Factors influencing grades awarded by teachers: why don't grades reflect achievement only?
Bruce, Franklin A.
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The purpose of the study was to identify the relative influence nonachievement factors have on secondary school teachers' grading practices. Specifically, an attempt was made to predict on the basis of non-achievement related factors the discrepancy between the grades teachers actually award to hypothetical student profiles and the grades that would result if based on academic achievement alone. Teachers learn in their professional training to base grades on student achievement, however in actual practice they do not always follow such an approach. They openly acknowledge including non-achievement factors in awarding students grades, explaining that there are psychosocial consequences in grades that must be considered. The study involved 192 secondary school teachers from twelve school districts who taught high school academic subjects. Teachers were asked to award grades to hypothetical student profiles in simulated grading situations. Each simulation, or vignette, presented a hypothetical student profile and included a unique combination of factors which had been shown in previous research to influence teachers' grading decisions. A technique referred to as policy capturing was used to evaluate the extent to which assigned grades reflect student gender, effort, behavior, ability, and test score improvement. In predicting the grade discrepancies of teachers, it was judged necessary to restrict the number of grade discrepancies for teachers to five or more, which represented approximately one-sixth of the possible 32 discrepancies provided by the vignettes, reducing the number of teachers in the sample to 99. Regression models predicting the 99 teachers' grade discrepancies, which were differences between the letter grade awarded by teachers and the grade implied by the test scores in the vignettes, and policy capturing analysis revealed that student test score improvement and student behavior influenced teachers most in their grading. However, teachers seemed to place more importance on students' quiz average grades as a measure of academic performance, than on students' six-week test grades. In addition, secondary analyses of the data revealed that in predicting the importance placed by the 99 teachers on students' test score improvement and on behavior, teachers with more years of experience placed less importance on either of the factors in grading than their less experienced colleagues.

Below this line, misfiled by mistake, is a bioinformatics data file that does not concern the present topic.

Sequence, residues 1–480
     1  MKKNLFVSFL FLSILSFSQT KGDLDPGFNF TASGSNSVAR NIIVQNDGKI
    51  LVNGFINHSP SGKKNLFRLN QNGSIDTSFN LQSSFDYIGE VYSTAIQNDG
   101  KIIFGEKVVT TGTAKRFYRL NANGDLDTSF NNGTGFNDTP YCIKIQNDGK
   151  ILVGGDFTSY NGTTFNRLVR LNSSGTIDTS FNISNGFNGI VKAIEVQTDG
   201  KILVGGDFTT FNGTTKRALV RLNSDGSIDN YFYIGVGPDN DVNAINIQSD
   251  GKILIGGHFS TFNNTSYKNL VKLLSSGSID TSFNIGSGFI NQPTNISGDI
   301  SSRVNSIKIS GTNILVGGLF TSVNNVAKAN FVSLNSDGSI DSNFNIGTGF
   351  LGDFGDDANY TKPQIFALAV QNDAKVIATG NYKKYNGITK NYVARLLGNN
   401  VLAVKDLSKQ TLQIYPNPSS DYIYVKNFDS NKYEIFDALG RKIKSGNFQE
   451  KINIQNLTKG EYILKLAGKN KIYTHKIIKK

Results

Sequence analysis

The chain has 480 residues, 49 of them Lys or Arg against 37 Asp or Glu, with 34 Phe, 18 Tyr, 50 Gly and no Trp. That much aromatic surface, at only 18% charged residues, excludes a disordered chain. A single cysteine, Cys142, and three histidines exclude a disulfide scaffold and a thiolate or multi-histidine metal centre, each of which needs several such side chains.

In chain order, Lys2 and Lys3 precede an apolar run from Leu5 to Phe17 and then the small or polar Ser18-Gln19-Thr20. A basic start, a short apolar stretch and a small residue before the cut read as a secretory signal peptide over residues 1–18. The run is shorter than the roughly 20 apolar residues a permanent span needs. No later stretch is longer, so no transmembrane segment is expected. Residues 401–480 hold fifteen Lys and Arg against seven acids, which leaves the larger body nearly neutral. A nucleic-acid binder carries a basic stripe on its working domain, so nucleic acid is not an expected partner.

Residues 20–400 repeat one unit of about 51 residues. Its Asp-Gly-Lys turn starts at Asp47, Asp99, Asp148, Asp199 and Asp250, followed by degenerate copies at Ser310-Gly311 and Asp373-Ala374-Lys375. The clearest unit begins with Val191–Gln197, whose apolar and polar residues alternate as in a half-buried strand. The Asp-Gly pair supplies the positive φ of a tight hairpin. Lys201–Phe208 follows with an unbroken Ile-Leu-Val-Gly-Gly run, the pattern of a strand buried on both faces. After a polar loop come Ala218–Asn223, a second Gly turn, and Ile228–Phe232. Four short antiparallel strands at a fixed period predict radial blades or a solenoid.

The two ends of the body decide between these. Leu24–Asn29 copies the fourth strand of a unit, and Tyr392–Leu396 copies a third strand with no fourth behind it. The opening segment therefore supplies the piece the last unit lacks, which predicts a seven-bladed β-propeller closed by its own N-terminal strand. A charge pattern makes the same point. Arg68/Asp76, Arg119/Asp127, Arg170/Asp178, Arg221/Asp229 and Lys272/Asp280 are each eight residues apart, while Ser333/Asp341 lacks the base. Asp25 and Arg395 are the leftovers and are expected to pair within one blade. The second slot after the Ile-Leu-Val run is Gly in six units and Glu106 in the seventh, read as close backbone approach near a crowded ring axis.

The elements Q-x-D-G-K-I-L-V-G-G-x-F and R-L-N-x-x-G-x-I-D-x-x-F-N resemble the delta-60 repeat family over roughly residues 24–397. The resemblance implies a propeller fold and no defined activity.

- Doctoral Dissertations